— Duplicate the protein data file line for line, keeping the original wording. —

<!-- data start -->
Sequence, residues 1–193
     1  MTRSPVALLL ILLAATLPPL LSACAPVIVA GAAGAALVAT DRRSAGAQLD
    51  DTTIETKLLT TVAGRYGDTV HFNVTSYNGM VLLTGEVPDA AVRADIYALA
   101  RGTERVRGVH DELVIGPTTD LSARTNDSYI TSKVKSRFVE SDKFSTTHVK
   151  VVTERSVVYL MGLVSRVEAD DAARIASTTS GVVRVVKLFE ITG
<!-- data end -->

Sequence, residues 1–193
     1  MTRSPVALLL ILLAATLPPL LSACAPVIVA GAAGAALVAT DRRSAGAQLD
    51  DTTIETKLLT TVAGRYGDTV HFNVTSYNGM VLLTGEVPDA AVRADIYALA
   101  RGTERVRGVH DELVIGPTTD LSARTNDSYI TSKVKSRFVE SDKFSTTHVK
   151  VVTERSVVYL MGLVSRVEAD DAARIASTTS GVVRVVKLFE ITG